Posts Tagged With: just do it

Day 1439: Let things come to you

I let things come to me every morning after I wake up, including the title of my daily blog post.  This morning, I was considering naming this post “Self Care,” since that was the topic of my therapy group last night. However, lately I’ve been following a new tradition of getting my blog post titles from teabags, and this is the teabag that most recently came to me:

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Let things come to you, including these three other photos I took yesterday:

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I’m letting these things come to me, here and now:

  1. The realization that I left a few words out of the questions I wrote on the white board during group last night.
  2. “Just do it” is good advice about self care AND about letting things comes to you.
  3. My Secret Santa at work is letting chocolate come to me.

Let things come to you, including this music:

Now I’ll let things come to me, including comments from you.

Let my gratitude come to all who helped me create this post and to you — of course! — for coming to this blog today.

 

Categories: group therapy, personal growth, photojournalism | Tags: , , , , , , | 23 Comments

Day 283: Embracing change

There’s a whole lot of change goin’ on here, dear readers.

I’m very aware of the difference between:

  1. Changes I am choosing, and
  2. Changes I’m not choosing.

That always seems to help: Recognizing the difference between those two types of changes.

Do I deal differently with those two types of changes?

Good question!

Let’s find out, shall we?

Let’s look at two particular changes on the horizon — one which I’m choosing and one which I’m not.

A Change I’m Not Choosing:  

A change in the seasons.  Specifically, the cold is coming, here in New England.

I’m not fortune telling (nor using any other cognitive distortion) when I make that last statement.  I think it’s safe to say that the chances of it NOT getting cold, soon, where I live, are approximately the same as:

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an idiom that’s so inappropriate, I couldn’t resist using it.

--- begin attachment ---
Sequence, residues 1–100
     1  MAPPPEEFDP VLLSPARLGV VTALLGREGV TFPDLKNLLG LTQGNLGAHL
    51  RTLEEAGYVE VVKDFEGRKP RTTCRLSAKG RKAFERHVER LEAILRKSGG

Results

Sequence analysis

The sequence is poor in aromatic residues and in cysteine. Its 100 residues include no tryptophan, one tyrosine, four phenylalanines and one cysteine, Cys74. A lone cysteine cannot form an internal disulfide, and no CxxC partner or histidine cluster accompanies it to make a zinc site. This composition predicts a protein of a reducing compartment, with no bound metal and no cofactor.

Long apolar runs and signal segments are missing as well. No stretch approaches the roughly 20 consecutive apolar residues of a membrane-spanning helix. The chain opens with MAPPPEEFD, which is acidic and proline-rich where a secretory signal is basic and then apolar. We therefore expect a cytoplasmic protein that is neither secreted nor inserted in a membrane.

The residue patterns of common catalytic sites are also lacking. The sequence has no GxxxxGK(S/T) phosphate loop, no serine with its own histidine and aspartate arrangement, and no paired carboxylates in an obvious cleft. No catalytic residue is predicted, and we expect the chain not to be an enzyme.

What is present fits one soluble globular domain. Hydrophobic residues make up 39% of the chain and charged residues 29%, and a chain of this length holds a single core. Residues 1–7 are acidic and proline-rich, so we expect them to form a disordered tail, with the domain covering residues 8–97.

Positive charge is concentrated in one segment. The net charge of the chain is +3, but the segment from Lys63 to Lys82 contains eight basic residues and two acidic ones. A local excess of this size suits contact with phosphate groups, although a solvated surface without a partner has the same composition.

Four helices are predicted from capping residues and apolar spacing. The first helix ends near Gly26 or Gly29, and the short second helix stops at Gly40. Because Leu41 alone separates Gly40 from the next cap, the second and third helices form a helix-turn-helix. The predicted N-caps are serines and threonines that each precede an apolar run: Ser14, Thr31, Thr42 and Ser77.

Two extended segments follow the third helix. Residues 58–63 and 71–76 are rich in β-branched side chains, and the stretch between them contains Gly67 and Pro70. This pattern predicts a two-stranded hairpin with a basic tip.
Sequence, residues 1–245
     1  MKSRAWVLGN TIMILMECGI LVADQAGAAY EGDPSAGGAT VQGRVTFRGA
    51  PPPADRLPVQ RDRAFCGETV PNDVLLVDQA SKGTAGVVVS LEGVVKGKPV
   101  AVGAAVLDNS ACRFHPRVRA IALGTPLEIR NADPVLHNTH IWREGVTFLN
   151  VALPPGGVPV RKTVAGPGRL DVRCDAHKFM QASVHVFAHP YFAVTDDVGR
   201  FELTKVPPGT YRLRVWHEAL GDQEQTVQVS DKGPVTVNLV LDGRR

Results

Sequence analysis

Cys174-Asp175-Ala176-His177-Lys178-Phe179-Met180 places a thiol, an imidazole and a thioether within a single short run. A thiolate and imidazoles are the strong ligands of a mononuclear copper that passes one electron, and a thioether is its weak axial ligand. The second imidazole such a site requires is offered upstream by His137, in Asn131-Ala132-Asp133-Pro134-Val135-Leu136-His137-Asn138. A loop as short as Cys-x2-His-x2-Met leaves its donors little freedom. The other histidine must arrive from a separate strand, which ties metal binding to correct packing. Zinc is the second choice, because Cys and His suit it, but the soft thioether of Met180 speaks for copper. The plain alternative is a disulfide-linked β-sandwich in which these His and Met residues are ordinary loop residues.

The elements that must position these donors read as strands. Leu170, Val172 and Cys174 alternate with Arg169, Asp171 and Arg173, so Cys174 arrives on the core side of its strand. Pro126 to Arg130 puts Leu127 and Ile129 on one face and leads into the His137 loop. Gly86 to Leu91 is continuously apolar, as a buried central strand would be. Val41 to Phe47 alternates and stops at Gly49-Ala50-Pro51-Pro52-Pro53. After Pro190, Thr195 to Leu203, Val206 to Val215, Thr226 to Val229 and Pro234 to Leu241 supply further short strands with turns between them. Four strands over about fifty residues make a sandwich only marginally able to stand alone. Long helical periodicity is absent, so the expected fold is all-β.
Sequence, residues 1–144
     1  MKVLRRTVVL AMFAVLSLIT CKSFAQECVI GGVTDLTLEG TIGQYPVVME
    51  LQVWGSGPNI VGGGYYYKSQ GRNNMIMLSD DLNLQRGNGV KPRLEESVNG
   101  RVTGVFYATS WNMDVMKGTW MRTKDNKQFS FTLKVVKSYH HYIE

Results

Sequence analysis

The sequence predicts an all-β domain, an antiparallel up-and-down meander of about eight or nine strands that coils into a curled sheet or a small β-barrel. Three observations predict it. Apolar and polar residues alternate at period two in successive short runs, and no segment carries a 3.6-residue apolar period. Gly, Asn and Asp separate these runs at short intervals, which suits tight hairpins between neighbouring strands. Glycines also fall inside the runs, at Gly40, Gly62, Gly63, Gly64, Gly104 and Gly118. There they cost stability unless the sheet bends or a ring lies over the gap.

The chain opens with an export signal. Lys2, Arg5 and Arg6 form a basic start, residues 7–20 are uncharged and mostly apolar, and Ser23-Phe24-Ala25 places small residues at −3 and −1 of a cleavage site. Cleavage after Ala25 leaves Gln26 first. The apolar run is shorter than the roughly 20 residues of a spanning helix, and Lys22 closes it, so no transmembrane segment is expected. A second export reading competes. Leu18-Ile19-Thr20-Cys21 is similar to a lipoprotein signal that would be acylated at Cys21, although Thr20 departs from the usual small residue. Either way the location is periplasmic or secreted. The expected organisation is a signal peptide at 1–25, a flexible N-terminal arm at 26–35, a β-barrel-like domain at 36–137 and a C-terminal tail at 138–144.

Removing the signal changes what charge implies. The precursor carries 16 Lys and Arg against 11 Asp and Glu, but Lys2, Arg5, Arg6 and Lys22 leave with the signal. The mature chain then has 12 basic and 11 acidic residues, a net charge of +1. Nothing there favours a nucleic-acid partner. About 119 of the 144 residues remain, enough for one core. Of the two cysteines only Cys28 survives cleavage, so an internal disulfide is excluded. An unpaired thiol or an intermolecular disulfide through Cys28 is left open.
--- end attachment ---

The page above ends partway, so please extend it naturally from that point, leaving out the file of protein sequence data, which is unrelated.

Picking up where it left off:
Here’s another Google Image, for that idiom, that I can’t resist:

Image  **

So, we can all agree, I hope — as distracted as we may be by those photos —  that the cold will be arriving, soon, where I live.

How will I deal with that change?

  1. Complain about it.
  2. Especially complain about it with people who are empathic and who “get me” (that is, other people who don’t like the cold and who can’t escape it, for now).
  3. Focus on activities I like doing, which I’m more likely to do when it’s cold outside (for example, watching movies).
  4. Buy a fabulous piece of cold-weather gear, and wear it (for example, my one major purchase, when I was in Scotland in August):

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It’s the hat (in case that photo was confusing, in any way).

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Okay!  I’m ready to move on to a change that would include choice.

A change I would be choosing:

Getting another cat.

We already have one cat, named Oscar:

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That’s Oscar,above, sleeping on last year’s winter hat.  Here’s a close-up:

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Why am I considering this change?  Lots of reasons, including:

  1. Oscar seems to be hungering for more companionship, despite having humans around most of the time.
  2. He likes to play, but not with toys.
  3. He can be an ankle-biter (only with the person who has recently started taking anti-coagulant medication).